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Version numbers for your package system: parsing of requirements, comparison of version ranges, etc.

Project description

Package versions

Implements version numbers, e.g. for use in your custom package/module/extension/addon system.

Version ranges are stored as VersionRange and can be created using syntax similar to pip:

# >=3.0,<4.0
# >=2.0,<=2.5
# >=2.0,<3.0

The main functionality is the combination of version ranges as best as possible, which is needed in case two packages rely on the same third package, but with different version limitations:

VersionRange('<=2.5,>1') & VersionRange('==2.*')
VersionRange('<4.4') & VersionRange('>0,<=7')
VersionRange('<4.4') & VersionRange('>5.3')
#==5.3 and an optional warning or error (due to the mismatch in range)

It can also choose the most appropriate version among a list of options:

options = ['0.0.0', '2.8.', '2.1.unordered', '1.0.dev1', '2.2.words', '2.9.9', '999.999.0']
# 2.8
# 2.8. and an optional warning or error (due to no match in range)
# 999.999.0

And parse package dependencies:

# ('package', VersionRange(>=3.0))
# ('specialname123', VersionRange(>=2.1,<3.0))
# OrderedDict([('packa', VersionRange(>=1.4,<6.0)), ('packb', VersionRange(<=3.3))])

For a lot more examples, see the unit tests.


Install using:

pip install package-versions

Import using:

from package_versions import VersionRange, parse_dependencies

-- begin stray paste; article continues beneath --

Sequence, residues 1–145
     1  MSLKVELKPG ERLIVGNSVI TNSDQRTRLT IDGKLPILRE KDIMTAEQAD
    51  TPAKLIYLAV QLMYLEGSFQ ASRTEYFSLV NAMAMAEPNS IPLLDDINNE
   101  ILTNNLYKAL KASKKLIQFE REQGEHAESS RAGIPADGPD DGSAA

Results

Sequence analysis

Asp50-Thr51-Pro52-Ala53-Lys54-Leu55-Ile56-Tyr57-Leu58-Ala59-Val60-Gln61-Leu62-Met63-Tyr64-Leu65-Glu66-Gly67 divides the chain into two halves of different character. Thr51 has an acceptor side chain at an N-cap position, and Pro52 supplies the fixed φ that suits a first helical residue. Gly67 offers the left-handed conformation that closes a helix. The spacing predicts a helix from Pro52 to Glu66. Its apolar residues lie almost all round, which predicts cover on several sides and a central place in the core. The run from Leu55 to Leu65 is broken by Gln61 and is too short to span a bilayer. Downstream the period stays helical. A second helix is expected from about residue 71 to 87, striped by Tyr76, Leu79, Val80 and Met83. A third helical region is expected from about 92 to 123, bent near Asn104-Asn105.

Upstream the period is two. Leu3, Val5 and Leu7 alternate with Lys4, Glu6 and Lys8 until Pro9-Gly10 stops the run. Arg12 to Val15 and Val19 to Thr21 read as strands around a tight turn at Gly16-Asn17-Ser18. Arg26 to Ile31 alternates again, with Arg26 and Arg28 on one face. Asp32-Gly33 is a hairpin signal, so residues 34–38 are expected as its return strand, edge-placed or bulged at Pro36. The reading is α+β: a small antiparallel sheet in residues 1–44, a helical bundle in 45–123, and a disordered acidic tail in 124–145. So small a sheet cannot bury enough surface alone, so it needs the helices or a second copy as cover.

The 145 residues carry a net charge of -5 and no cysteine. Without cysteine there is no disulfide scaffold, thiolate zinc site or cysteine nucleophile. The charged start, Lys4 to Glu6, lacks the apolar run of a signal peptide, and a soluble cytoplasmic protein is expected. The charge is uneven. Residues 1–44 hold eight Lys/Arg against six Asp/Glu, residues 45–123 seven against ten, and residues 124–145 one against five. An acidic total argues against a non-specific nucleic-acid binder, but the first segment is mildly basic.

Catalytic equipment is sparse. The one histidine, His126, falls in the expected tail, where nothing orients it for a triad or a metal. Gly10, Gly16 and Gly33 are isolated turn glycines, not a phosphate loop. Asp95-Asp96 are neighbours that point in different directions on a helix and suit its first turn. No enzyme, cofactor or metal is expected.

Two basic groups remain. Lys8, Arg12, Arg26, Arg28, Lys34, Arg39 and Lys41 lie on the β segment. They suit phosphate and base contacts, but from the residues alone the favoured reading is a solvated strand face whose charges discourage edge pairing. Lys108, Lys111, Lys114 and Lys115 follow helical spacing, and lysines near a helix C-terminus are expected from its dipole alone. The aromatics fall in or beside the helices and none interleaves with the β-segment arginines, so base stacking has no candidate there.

You’re ready to go!


A restriction this package imposes is that it assumed that feature versions are pairs of at most two integers, like 11.7 but not 11.7.3 or 1.7dev.

Version 11.7.3 is assumed to contain only bug-fixes compared to 11.7, and as such will always be preferred. Personally I like this unambiguous interpretation, but it’s up to you if you accept it.

Due to internal representation, there is a maximum for major and minor versions of 46340.

Package names roughly follow Python module naming guide (start with a letter, lowercase, not too long). Note that some systems treat upper and lower case as the same, so it’s probably wise to keep this restriction.


There are a lot of py.test unit tests that you can run using:

python3 -m pytest


BSD 3-clause “Revised” License. Keep the license file and understand that I’m not to be held liable, and then you’re free to do pretty much whatever.

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